August 24. The officers and men were discharged at one, with the exception of one officer (Captain Spencer) and five men designated to take charge of the signal stores, and report to the Chief Signal Officer of the Army of Washington. At the time when I assumed charge of the detachment, in April, the official papers and records of the office were found in a somewhat confused condition and very incomplete. The discipline of the detachment was unsatisfactory. The articles of War had never been read to the enlisted men, as required by Army Regulations. No morning reports of the command were rendered to any one. The detachment had not been paid for the months. One-fourth of the men had no horses. There was a vast amount of public property on hand that was not required for use in the detachment. The Articles of War were read to the enlisted men every alternate month. Morning reports of the command were promptly rendered. Muster and pay rolls were made out and the entire detachment paid up to April 30, 1865. Frequent and thorough inspections were made. All unserviceable and surplus property was turned in. Horses and new were armed with Colt navy revolvers and light cavalry sabers. The men were armed with Colt navy revolvers and light cavalry sabers. Frequent cavalry drills were had. Police regulations were established, and the men soon began to look and act and feel like soldiers.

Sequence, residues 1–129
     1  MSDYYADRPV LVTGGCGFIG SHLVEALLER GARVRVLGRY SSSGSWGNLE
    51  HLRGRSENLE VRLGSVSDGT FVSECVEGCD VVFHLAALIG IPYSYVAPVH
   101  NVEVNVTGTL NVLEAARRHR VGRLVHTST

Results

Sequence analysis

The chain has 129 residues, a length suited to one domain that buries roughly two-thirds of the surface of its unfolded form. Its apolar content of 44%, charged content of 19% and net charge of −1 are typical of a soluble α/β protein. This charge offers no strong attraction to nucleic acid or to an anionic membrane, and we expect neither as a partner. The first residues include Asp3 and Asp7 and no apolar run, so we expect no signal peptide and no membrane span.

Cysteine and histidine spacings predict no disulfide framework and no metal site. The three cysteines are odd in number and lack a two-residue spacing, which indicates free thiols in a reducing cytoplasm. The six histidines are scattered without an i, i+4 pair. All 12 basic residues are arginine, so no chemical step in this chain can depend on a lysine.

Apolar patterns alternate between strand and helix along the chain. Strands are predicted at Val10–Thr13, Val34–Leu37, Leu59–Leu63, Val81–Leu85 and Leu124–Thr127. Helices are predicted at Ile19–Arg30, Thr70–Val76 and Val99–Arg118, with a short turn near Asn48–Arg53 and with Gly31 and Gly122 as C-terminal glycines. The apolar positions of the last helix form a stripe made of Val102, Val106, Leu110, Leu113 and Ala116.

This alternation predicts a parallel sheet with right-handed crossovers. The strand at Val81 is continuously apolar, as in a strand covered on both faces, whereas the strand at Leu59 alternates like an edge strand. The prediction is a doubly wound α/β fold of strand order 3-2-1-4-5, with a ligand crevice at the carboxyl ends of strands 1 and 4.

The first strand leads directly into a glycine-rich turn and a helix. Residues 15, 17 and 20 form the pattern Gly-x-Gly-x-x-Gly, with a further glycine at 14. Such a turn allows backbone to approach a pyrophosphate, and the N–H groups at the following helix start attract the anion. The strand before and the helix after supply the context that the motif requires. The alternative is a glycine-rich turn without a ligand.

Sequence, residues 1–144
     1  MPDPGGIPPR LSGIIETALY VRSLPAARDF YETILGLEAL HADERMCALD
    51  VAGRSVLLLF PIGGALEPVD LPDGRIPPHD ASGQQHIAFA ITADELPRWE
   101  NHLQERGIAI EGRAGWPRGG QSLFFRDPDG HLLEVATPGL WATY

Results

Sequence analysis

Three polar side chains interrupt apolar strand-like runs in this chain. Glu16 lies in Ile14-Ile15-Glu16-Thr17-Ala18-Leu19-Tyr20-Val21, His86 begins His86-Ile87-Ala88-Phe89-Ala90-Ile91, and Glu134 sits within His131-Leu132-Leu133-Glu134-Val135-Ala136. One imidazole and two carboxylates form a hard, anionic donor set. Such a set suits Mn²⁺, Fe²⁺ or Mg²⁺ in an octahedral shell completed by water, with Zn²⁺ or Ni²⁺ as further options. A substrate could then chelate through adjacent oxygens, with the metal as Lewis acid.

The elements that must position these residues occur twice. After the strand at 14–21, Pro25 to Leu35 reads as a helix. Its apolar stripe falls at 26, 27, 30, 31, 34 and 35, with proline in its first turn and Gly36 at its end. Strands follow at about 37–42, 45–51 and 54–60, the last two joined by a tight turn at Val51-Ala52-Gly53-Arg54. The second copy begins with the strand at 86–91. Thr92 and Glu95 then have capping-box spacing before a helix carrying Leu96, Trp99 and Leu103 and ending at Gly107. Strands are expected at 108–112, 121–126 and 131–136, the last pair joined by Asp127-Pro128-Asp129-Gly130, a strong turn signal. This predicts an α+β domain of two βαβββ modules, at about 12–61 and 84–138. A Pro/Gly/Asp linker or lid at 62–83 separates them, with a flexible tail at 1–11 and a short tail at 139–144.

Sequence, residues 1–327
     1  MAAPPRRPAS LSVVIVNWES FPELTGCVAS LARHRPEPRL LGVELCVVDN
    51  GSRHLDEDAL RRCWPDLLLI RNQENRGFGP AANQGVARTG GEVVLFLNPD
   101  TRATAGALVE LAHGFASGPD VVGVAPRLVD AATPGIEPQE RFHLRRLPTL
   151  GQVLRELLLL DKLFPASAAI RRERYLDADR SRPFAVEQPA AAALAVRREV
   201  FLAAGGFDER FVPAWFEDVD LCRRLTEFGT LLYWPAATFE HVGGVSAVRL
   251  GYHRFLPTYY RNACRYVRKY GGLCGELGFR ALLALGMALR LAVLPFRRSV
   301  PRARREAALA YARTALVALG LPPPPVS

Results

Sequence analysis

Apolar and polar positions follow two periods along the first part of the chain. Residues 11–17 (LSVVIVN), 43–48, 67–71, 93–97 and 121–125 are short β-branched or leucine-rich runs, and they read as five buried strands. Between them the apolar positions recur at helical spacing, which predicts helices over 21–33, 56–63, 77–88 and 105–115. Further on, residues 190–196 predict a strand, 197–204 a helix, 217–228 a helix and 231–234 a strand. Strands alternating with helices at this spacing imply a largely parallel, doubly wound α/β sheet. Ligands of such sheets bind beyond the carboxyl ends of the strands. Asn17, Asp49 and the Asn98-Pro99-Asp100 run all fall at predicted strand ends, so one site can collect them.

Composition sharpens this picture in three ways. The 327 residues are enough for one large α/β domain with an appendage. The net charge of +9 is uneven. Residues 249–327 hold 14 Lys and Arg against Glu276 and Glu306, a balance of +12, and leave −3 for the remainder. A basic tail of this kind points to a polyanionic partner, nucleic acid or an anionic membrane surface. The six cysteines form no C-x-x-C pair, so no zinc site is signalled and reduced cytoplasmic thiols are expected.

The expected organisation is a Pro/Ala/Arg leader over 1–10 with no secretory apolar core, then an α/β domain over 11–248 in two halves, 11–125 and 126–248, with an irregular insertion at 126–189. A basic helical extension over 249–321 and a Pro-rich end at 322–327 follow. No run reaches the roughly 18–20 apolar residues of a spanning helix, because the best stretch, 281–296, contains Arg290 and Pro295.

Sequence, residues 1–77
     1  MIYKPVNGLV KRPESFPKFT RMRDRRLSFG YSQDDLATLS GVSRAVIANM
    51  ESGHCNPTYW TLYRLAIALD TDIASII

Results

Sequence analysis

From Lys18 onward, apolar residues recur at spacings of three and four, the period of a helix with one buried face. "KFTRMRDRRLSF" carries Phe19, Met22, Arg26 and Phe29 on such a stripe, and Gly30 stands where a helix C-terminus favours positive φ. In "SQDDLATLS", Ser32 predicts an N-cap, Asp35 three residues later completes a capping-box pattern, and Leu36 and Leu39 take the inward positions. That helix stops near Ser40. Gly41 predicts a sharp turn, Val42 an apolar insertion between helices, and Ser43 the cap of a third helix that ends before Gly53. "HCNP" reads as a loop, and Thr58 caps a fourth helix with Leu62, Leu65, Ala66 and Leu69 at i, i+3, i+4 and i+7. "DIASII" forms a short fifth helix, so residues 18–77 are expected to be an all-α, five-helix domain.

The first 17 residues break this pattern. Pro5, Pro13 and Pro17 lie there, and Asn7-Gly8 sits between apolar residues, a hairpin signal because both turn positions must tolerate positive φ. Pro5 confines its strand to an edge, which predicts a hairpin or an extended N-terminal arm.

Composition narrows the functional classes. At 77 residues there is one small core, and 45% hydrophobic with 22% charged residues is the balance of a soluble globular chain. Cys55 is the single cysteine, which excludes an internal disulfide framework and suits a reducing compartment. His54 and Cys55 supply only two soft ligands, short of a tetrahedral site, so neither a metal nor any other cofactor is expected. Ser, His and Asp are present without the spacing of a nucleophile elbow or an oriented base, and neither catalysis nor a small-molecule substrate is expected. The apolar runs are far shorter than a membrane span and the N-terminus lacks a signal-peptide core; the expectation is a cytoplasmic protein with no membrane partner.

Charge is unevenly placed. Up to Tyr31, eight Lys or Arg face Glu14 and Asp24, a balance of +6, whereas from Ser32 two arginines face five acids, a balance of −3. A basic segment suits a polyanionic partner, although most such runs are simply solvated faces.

To Second Lieutenant Asa T. Abbott, Signal Corps, U. S. Army, belongs the credit of thus reorganizing and re-equipping and disciplining the enlisted men of the detachment under my command. It was deemed advisable to assign this duty to Lieutenant Abbott from the fact that he was so well qualified for the successful discharge of such duties and at the same time a stranger to the enlisted men. By the faithful discharge of his duties, his manly deportment, and correct duties and at the same time a stranger to the enlisted men. By the faithful discharge of his duties, his manly deportment, and correct habits they soon learned to respect him as an officer and a man. In closing this report I deem it my duty to favorably mention First Lieutenant J. L. Hollepeter, Second Lieuts. William Quinton, Henry R. Flook, Samuel J. Brent, Alfred K. Taylor, and Theodore Mallaby, jr. During the short time that I wa officially associated with the above-mentioned officers, it was my pleasure to ever find them zealous, prompt, and reliable in the discharge of all duties assigned them. They are men of intelligence, gentlemanly in their deportment, and endowed with all the requisites that go to make up the true soldier. The valuable services rendered by these officers during the last three years speak well for them, and they can berm truly proud of the honorable record they had made for themselves during the late rebellion. In mentioning in this connection Second Lieutenant Asa T. Abbott, Signal Corps, U. S. Army, I would inform you that I have carefully watched his conduct since Augusta, 1861. During the memorable campaigns of Generals Banks and Pope through Northern Virginia in 1862, Lieutenant Abbott, then being and enlisted man, won my admiration for his many acts of true bravery, at times, too, when he had no incentive for action or expected any reward by promotion. As a commissioned officer he has won my respect and esteem by the intelligent and efficient manner in which he has preformed every duty assigned him. Of unflinching patriotism, zealous, and reliable, he had served his country faithfully and well.
I am, very respectfully, colonel, your obedient servant,
JOSEPH H. SPENCER,
Captain and Chief Signal Officer, Mil. Div. of the Tennessee.